7 tech score
“Baby Driver” (Tri Star)
“Baby Driver” is a heist film set to music. There is music in its mood, music in its movement, music in its characters, music in its message. And at the center of it all is a guy named Baby (Ansel Elgort) whose life revolves around the music in the tapes he has made. It is a unique way to fashion a film and when it comes to being different “Baby Driver” gets high marks.
Writer/director Edgar Wright certainly knows how to keep a pulsating beat going in his story of a young man named Baby who is tied to a crime boss. Doc (Kevin Spacey) has tBaby in his debt and is letting him pay him off one job at a time. Baby is his getaway driver and he knows his business. He actually choreographs each event in his mind and to his music so that when it happens it all moves along to a song and success.
Complications arise when Baby meets diner waitress Debora (Lily James) and decides there is more to life than crime. He wants to hit the open road and leave his past behind, but that is easier said than done. Doc still has his tentacles around him and his co-workers are a surly group, especially Bats (Jamie Foxx). It all comes down to one last job and we all know those rarely go right.
Elgort is perfect casting for the role of Baby. He has the looks and attitude that are necessary to create the persona of Baby. Even when Baby is falling in love with Debora his love for music is still paramount. It permeates everything he does, and it is fascinating to watch how he expresses it.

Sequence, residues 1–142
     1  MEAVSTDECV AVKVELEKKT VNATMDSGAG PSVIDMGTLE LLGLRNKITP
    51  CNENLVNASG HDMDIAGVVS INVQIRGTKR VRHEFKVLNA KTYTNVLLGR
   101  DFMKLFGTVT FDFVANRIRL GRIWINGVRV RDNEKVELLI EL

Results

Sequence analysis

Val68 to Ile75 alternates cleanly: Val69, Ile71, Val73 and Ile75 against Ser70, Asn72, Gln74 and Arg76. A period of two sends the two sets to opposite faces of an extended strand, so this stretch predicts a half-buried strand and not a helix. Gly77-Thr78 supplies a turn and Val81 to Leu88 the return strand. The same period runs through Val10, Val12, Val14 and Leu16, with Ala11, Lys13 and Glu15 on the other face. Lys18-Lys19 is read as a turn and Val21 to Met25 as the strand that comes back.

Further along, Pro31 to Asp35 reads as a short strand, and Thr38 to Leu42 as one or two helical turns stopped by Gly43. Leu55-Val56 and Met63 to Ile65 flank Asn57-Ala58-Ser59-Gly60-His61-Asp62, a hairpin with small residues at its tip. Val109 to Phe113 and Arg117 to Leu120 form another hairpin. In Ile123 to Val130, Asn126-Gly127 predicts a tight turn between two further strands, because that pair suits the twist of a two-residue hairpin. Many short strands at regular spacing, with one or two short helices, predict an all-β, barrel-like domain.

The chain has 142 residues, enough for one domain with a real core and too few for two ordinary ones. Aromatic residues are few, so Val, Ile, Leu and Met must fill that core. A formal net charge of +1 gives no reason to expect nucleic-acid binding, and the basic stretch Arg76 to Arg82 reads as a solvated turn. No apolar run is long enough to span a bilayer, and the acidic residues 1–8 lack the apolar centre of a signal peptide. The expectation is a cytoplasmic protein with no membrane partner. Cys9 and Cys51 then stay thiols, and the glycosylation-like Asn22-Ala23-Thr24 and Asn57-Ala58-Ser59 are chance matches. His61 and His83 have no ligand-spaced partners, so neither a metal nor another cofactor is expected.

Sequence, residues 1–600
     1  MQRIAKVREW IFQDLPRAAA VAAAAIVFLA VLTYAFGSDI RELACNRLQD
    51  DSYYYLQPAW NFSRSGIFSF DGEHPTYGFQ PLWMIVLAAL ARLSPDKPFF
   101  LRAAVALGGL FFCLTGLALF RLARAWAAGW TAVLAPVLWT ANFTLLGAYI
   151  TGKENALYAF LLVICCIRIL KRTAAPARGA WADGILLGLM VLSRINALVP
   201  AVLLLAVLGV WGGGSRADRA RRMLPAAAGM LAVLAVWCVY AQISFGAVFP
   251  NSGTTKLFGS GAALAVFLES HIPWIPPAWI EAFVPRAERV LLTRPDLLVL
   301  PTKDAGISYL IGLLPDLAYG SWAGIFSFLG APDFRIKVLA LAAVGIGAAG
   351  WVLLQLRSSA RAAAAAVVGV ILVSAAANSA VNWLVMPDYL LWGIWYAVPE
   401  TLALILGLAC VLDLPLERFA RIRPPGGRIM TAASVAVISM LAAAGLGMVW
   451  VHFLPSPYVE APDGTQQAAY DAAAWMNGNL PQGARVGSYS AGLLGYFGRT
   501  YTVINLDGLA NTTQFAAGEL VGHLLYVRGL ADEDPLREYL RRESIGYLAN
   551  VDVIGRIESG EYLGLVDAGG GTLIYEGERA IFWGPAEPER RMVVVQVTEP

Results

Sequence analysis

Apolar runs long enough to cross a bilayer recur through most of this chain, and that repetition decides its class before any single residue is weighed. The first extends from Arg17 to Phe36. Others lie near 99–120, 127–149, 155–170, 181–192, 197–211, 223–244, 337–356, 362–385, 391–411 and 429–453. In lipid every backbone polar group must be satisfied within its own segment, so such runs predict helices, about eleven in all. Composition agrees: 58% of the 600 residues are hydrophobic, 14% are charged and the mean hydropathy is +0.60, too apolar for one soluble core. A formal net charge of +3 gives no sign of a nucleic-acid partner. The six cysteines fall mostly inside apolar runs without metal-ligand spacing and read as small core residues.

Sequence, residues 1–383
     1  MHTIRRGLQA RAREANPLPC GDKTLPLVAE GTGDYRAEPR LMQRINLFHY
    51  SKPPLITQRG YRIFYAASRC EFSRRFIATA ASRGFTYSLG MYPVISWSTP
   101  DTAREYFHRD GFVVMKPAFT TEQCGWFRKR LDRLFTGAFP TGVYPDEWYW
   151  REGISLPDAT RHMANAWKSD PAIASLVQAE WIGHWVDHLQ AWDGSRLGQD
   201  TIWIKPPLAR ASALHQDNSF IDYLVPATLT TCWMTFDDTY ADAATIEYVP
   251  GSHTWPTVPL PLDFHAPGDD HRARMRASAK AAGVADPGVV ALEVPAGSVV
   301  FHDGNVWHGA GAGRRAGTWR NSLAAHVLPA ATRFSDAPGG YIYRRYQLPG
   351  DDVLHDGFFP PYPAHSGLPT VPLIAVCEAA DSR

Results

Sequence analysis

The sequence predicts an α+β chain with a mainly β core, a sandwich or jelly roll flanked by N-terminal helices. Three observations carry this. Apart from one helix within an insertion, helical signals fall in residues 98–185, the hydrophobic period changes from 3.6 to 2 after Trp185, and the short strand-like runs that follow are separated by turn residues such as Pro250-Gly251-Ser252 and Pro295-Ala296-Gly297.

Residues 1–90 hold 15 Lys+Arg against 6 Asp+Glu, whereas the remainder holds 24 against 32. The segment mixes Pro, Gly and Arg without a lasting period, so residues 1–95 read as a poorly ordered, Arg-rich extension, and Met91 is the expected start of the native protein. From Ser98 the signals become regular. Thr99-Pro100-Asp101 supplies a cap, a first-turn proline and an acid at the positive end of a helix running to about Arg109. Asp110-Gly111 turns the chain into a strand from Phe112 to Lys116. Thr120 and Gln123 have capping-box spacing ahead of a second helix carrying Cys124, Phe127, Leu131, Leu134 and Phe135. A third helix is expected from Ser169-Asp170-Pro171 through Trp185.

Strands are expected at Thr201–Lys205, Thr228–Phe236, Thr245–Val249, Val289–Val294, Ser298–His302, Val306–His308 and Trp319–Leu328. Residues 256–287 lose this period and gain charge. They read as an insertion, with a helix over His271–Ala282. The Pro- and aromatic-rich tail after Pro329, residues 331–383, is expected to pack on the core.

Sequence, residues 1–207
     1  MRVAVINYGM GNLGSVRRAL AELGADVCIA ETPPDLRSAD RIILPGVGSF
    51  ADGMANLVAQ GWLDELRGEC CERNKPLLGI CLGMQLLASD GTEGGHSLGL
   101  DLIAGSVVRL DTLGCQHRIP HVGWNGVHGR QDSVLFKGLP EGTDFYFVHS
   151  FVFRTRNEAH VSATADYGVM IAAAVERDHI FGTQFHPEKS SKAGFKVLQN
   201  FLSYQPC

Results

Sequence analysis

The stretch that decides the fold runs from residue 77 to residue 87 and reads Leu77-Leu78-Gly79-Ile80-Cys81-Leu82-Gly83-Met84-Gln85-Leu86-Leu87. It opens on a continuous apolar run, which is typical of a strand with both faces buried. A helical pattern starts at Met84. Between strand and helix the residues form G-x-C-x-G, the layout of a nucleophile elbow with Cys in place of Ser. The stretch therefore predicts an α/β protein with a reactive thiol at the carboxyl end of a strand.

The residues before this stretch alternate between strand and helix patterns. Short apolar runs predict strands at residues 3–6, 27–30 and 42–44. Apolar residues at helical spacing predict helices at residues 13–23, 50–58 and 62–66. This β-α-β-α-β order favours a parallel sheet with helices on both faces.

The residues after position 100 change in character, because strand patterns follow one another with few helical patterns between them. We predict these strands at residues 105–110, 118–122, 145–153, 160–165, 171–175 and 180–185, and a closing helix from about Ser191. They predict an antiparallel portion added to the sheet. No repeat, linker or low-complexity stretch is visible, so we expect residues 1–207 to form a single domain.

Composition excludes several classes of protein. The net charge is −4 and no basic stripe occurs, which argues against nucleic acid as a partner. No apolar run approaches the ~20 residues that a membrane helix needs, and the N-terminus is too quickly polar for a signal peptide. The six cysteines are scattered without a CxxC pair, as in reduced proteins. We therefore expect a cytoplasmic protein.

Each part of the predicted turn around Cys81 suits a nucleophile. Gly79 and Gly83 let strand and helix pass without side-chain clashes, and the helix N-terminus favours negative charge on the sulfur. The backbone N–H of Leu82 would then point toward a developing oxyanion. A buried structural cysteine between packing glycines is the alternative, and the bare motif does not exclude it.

Opposite him Lily James is all ordinary girl. Debora has had a tough life and is looking for a way out. She and Baby meet at the right place and at the right time. James plays down her looks and amps up her ordinariness. She is totally believable as Debora, from beginning to end.
The supporting players add to the richness of the total film. Foxx, Spacey, Jon Hamm and Eliza Gonzales combine their talents to create a dangerous veneer on the top of Baby’s life. They use him for his talent but never put their trust completely in his hands. It is all a dance of cruelty that will spell disaster when the music ends.
Wright knows exactly how to keep the tempo of his movie flowing. The film opens with a surge of energy and ebbs and flows with just the right amounts of a fevered pitch to the end. When it is over Wright has dotted all the “i’s” and crossed all the “t’s” to tell a totally complete story. You don’t get that every time you watch a movie this intense, but it is appreciated here.
The movie is rated R for violence and profanity.
There is a uniqueness, a completeness, and a satisfaction in watching a movie so well made. “Baby Driver” is a unique offering in a summer of sequels, remakes and duds. It stands out like a pop tune racing for the top of the charts.
I scored “Baby Driver” a road running 7 out of 10.
Jackie K Cooper